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The Curious Case of Ladarius Green

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Entering the fourth and final year of his rookie contract, TE Ladarius Green needed to show the Bolts’ brass he was a player to build around. Instead, he remains just as much a mystery as ever.

Getting six starts this season with Antonio Gates suspended for the first four weeks, Green had a shot to differentiate himself. He has made his presence felt where it matters most -in the end zone — as his four touchdown receptions are tied for fifth-most amongst all tight ends. However, most of his other stats are pedestrian at best. Green’s 27 receptions rank fifth on the team (even under Stevie Johnson) and 20th among all tight ends. At no point in his NFL career (including preseason) has Green caught more than five passes in a game.

Green’s 11.6 yards per catch is the lowest of his career, dropping from 11.9 last year and from an incredible 22.1 in 2013. And he averages only 44.9 yards per game — 70 players average more.

While it’s debatable if the additional playing time has increased Green’s production, it has resulted in additional injuries. Green has already missed two games (and most of a third) due to an ankle injury and two concussions suffered in September, making it three concussions in a nine-month span.

Despite his average production and penchant for showing up on the injury report, Pro Football Focus still has him graded as the 10th best tight end in the league with a 76.8 overall grade. Still, by their own scale, this would put Green squarely in the “starter” range (70-84) as opposed to “Pro Bowler” or “elite” player.

With so much uncertainly surrounding the Chargers after this season, especially at the tight end position, it would have been ideal for Green to take hold of his opportunity and become Gates’ clear heir apparent. And while Green’s touchdown production has been nice, he has not been able to produce on the field or stay healthy with much consistency.

Ultimately, Green’s physical potential and youth will need to be weighed with his lack of experience, injury history and otherwise middling production — no small task for GM Tom Telesco and company.

So, what should the Chargers do with their mystery tight end?

Naturally, the best case scenario for the Chargers would be to re-sign Green to a team-friendly, incentive-laden deal. That way, Green can continue to prove himself without putting the Chargers in as much financial risk. This is highly unlikely.

Green’s combination of size (6’6″, 240 lbs.) and speed (4.45-second 40) puts him in Megatron territory in terms of pure size and athleticism. These numbers alone will likely fetch Green an inflated deal, even if his numbers don’t improve.

The Chargers could franchise Green, I suppose, and see what happens in 2016. However, tagging Green will cost the Bolts close to $10 million, a huge investment in a player that has seven career touchdowns and less than 1,000 receiving yards to his name. Telesco has yet to tag anyone in his three-year tenure.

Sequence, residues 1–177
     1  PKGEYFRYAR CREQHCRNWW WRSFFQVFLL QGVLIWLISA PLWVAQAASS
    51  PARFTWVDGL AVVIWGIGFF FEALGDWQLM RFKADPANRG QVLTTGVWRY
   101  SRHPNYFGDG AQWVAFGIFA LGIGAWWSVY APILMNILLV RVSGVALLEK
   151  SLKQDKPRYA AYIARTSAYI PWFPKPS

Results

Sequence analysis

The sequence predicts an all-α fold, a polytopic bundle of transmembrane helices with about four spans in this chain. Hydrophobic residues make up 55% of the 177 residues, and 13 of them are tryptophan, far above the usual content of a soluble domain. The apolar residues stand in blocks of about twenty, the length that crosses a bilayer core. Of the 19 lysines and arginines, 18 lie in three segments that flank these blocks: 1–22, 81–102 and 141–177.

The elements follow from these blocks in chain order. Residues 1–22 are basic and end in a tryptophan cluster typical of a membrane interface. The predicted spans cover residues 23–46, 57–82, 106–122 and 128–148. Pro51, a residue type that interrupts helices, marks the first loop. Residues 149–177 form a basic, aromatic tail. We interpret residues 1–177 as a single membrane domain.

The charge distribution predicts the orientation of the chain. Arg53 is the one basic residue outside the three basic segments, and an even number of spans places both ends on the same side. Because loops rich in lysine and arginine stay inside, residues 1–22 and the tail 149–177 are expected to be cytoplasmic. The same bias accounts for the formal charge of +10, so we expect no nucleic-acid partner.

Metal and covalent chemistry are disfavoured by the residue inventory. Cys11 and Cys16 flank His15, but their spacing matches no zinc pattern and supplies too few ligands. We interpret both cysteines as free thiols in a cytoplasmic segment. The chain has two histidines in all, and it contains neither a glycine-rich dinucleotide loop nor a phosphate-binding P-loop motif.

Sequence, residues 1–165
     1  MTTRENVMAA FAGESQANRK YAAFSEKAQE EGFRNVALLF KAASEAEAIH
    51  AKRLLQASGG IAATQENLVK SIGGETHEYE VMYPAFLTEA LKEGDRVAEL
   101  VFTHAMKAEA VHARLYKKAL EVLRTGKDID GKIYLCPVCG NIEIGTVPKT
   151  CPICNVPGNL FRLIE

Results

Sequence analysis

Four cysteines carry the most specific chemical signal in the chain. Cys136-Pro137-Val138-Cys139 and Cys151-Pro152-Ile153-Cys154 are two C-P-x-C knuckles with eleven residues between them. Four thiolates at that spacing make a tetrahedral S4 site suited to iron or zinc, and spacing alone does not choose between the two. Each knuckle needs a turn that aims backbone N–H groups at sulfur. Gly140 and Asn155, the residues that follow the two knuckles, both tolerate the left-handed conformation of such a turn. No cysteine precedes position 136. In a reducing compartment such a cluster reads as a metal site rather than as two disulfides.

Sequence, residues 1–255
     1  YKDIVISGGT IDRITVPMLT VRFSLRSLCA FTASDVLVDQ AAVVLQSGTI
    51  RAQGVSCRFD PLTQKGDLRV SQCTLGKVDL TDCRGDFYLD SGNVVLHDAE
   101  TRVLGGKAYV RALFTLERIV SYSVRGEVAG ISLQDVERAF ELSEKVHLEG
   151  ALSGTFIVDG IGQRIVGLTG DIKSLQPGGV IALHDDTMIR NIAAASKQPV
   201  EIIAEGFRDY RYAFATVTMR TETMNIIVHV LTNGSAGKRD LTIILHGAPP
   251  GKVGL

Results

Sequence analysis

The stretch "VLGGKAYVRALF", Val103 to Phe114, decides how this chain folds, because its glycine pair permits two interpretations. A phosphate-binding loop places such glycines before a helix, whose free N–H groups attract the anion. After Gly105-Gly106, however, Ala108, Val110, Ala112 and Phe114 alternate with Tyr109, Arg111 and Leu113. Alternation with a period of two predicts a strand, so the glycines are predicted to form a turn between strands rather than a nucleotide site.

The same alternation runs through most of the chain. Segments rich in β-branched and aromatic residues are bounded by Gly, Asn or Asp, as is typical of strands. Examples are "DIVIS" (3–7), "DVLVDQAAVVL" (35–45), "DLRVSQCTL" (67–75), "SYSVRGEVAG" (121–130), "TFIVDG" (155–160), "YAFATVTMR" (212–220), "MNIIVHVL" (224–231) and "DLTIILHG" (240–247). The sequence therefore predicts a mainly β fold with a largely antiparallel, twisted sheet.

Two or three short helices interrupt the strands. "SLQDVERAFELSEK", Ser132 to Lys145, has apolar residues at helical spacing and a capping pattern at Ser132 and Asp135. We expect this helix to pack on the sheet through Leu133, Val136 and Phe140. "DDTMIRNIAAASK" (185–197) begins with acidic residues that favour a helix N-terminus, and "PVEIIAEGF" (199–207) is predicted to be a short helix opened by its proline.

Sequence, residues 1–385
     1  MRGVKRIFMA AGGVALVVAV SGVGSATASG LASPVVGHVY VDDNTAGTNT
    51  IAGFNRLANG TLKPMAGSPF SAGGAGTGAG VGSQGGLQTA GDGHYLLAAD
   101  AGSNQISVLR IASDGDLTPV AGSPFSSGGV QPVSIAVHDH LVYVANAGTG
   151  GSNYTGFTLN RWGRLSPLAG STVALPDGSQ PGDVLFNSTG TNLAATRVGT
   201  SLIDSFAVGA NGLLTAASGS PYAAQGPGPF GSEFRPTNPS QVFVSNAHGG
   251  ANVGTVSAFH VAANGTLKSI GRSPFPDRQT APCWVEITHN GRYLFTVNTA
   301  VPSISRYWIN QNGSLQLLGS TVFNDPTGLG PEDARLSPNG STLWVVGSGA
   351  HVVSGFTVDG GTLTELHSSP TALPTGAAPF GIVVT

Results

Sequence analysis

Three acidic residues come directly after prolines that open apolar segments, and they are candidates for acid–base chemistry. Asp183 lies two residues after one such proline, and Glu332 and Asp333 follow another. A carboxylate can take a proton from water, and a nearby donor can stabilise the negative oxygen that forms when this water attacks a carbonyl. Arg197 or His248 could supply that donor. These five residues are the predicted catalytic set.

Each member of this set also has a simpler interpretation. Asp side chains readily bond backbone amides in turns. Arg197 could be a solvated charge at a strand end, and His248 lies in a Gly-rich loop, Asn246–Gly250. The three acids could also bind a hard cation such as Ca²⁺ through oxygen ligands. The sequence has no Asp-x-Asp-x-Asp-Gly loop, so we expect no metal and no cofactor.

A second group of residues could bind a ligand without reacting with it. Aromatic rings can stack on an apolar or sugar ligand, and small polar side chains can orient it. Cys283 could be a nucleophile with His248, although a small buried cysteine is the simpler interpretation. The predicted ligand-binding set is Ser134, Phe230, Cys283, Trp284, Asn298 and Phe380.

The Chargers could just sign Green to a big-time, long-term contract, but this would put the front office in precarious waters. Thus far,Telesco has not done a great job of re-signing draft picks based on potential.

Last offseason, Telesco re-signed Corey Liuget based more on potential than production in hopes that he would continue to improve. So far, Liuget has been what he has always been, a solid but not spectacular defensive lineman. And let us not forget Donald Butler, who will “earn” $17.73 million for his terrible play before he can be cut after next year.

But with Gates in the final year of his contract and Malcom Floyd set to retire after this season, the 2016 offense is already looking paper thin. Keenan Allen will be back, but will be coming off a lacerated kidney. Stevie Johnson is under contract, too, but may not be worth the $3.9 million cap hit (per spotrac.com). Philip Rivers will need someone besides Danny Woodhead to throw to, right?

The Chargers could bring back Gates, 35, and absolutely should if the price is right. But he is finally showing some of the wear of his 13-year career. Re-signing Gates at this point would be a one- or two-year bandage at best and the Chargers would still have to find another younger alternative at tight end.

With the potential free agent options at tight end looking spectacularly average and the Chargers struggling to score points with the receivers they have, Telesco may have no choice but to bite the bullet and re-sign another player based more on flashes than functionality.


What are your thoughts on Ladarius Green’s performance so far? Discuss in our message boards!


A San Diego native, Trenton Villanueva graduated from San Diego State University with a bachelor’s degree in Journalism and a minor in the hydraulic principles of the keg. Prior to writing for SDBR, he covered sports news for FanSided and wrote music reviews for the San Diego State Daily Aztec. Follow him on Twitter @TrentNotDilfer

About Trenton Villanueva

A San Diego native, Trenton Villanueva graduated from San Diego State University with a bachelor's degree in Journalism and a minor in the hydraulic principles of the keg. Prior to writing for SDBR, he covered sports news for FanSided and wrote music reviews for the San Diego State Daily Aztec.

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